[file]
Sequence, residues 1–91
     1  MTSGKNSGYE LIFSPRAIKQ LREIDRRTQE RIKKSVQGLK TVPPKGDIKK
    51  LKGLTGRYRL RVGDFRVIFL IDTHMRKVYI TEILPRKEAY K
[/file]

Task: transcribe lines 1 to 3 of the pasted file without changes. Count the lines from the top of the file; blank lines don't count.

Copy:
Sequence, residues 1–91
     1  MTSGKNSGYE LIFSPRAIKQ LREIDRRTQE RIKKSVQGLK TVPPKGDIKK
    51  LKGLTGRYRL RVGDFRVIFL IDTHMRKVYI TEILPRKEAY K